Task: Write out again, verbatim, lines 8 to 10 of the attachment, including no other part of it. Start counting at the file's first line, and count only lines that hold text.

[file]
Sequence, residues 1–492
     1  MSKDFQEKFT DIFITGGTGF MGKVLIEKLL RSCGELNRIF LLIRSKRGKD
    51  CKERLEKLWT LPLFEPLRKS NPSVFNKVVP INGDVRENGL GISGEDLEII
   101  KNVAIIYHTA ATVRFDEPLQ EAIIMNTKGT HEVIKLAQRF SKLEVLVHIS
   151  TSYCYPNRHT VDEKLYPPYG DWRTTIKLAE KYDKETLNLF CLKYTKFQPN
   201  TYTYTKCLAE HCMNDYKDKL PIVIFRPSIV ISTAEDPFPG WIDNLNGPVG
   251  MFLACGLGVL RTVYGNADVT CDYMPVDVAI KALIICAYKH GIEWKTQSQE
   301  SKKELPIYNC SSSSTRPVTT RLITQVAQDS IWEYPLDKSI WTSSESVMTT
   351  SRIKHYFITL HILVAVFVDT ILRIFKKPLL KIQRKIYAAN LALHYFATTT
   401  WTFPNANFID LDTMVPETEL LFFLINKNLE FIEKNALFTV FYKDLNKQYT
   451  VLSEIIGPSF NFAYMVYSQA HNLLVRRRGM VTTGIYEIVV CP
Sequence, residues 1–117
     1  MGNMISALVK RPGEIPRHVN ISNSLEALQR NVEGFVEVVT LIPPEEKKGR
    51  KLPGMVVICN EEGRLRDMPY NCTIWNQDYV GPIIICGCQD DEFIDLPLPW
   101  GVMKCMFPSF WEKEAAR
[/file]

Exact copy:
   301  SKKELPIYNC SSSSTRPVTT RLITQVAQDS IWEYPLDKSI WTSSESVMTT
   351  SRIKHYFITL HILVAVFVDT ILRIFKKPLL KIQRKIYAAN LALHYFATTT
   401  WTFPNANFID LDTMVPETEL LFFLINKNLE FIEKNALFTV FYKDLNKQYT